The first is the fact and the theme of the remnant. It will become a more significant theme as the Scripture proceeds, but we have it already here and, indeed, not for the first time. Over and again in the history recorded in Holy Scripture, the true believers represented only a small minority of the people of God, the church. The church, in her history, has usually been composed of a larger number of hypocrites, of nominal members, and a smaller number of true believers, of men and women of true and living faith in God and who live righteous lives by that faith. It was so, of course, during the time the judges ruled in Israel, which was when the events described in Ruth occurred. We saw in our studies of that larger book how far Israel had sunk into unbelief and wickedness. She had taken for herself the religion and the lifestyle of the Canaanite peoples around her. She had become like them, all the while maintaining at least some pretence of the faith of Israel. By the end of the book it had become all too clear that Israel as a people had forsaken the Lord and had betrayed his covenant.
But Ruth reminds us that it was not so of every Israelite, or every Israelite community or town. In Bethlehem there remained pious, faithful folk and some very godly people who not only spoke the ancient faith but lived it from their hearts. Such a man was Boaz and the story and its wonderful outcome turns on his trust in the Lord and his faithfulness to the Lord’s covenant.
And what we find in Ruth we will find many more times in the Bible and in the history of the church since. During Ahab’s reign we learn directly from the Lord that the believing church consisted of 7,000 who had not bowed the knee to Baal. Again, in the time of the Lord Jesus, the real believers were a small number of the total population of Jews. However, as here in Ruth, among that number were some saintly men and women: Zechariah and Elizabeth, Joseph and Mary, Simeon and Anna, and the like. And so it has continued. In the 4th century the Arian party outnumbered the orthodox in many parts of the church. During the middle ages the number of faithful followers of the Lord Jesus was comparatively small. After the Puritan revival in the 16th and 17th centuries in England and Scotland, the first third of the 18th century was a time of pervasive nominalism in English speaking British Christianity. When Isaac Watts was writing his great hymns, believing congregations represented a small portion of the total church.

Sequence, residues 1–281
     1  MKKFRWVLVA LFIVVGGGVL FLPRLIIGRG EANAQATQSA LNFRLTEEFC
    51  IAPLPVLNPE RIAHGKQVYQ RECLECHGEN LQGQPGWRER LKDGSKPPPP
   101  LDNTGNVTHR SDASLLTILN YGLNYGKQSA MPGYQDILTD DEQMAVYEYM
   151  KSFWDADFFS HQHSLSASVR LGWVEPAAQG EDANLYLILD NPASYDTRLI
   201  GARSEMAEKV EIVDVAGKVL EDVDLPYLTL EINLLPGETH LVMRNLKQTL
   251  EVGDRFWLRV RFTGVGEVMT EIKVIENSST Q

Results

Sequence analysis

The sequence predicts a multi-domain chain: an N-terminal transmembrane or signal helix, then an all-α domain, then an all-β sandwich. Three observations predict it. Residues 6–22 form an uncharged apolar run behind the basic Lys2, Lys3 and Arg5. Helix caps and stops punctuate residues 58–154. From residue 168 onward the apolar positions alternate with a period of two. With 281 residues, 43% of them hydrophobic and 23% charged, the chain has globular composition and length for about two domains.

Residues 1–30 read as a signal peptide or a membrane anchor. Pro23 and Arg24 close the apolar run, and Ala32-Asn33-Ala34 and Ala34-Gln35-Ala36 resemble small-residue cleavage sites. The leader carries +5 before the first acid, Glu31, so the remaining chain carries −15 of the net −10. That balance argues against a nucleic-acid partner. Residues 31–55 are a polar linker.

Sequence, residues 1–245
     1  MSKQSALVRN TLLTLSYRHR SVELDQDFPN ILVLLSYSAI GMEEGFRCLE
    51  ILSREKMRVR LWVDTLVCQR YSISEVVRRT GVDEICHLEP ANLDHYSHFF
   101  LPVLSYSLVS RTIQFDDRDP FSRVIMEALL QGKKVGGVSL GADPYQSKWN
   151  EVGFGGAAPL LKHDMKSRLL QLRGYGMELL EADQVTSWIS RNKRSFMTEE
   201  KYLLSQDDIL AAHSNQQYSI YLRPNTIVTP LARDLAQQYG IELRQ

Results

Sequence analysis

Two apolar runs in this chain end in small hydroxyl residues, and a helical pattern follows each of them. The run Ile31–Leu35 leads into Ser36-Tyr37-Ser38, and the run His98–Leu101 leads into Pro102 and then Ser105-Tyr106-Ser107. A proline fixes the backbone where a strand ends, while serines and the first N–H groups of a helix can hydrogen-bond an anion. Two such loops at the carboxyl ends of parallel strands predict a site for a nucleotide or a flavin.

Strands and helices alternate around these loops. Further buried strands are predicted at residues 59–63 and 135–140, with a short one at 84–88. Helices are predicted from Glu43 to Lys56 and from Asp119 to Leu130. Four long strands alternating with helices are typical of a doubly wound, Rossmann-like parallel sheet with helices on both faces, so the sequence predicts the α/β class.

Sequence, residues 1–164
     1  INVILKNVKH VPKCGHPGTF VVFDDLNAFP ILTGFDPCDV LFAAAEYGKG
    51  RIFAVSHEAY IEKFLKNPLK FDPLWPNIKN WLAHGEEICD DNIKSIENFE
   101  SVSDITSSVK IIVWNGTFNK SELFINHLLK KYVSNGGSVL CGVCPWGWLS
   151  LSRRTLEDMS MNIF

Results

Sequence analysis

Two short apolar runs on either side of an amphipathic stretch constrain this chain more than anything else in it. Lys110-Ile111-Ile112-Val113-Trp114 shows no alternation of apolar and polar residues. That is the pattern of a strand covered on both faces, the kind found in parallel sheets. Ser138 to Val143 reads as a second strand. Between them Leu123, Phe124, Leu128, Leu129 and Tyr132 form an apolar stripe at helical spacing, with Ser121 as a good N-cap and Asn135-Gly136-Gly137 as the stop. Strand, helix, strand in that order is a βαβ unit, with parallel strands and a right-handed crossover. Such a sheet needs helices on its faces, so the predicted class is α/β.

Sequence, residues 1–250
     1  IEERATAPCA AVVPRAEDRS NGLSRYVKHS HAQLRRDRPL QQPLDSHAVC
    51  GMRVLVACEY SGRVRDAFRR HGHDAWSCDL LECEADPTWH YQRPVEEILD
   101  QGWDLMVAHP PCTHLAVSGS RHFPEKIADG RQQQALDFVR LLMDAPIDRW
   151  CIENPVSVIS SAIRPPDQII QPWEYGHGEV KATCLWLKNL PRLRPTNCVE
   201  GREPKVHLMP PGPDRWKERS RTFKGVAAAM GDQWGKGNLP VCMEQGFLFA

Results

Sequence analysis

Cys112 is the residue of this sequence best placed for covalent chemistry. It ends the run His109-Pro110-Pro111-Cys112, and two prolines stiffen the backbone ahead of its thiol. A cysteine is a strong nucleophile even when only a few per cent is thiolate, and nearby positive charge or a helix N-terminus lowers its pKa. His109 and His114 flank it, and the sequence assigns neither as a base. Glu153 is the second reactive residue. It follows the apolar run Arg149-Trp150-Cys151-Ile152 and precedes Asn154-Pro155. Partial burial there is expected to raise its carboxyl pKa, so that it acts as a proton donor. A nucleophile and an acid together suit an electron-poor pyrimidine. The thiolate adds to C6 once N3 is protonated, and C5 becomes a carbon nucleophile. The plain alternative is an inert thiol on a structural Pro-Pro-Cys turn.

Ian Hamilton once pointed out to me that, as a matter of fact, through most of its life the Church of Scotland has been primarily nominal and the most vital elements of Scottish Christianity have lived outside of it. It is certainly the case that that church is primarily nominal today. Most of Roman Catholicism has always been nominal as even some Roman Catholics will acknowledge. And what of American Protestant Christianity. Certainly the large mainline denominations are composed of many more Christians in name only than serious, earnest followers of the Lord Jesus. The Presbyterian Church USA, for example, gets less than half its membership to church on a typical Sunday. But, our own PCA gets only two-thirds of its membership to church on Sunday. As was true in the time of the judges, the culture has leaked into the church and subverted its faith.
When I speak to PCA pastors in the South, many of them tell me that nominalism is a chief concern; they have in their congregations folks they don’t believe are real Christians. That is not so much of a problem in the PCA in the Northwest, but of course, the church is much smaller out here.
This is a very important thing to know about church history: that believing life has so often been continued only in a remnant of the church. Those people who used to be Protestants and are urging us nowadays to return to the one church, the mother church – by which they mean either Roman Catholicism or Eastern Orthodoxy – argue that the evangelical church is disqualified as a true successor of apostolic Christianity precisely because it is made up of all these relatively new little groups, offshoots from the main branch or eddies off the main river of church life, they would say. The true church, they argue, has antiquity, unity, a global presence and the like. But, of course, one has only to read the Bible to learn almost immediately that the life of the believing church is seldom to be represented by the grand and ancient institutions of Christendom. It wasn’t so in Israel and it hasn’t been so in the church since. The prophets lived hard and lonely lives precisely because they were compelled to swim against the stream.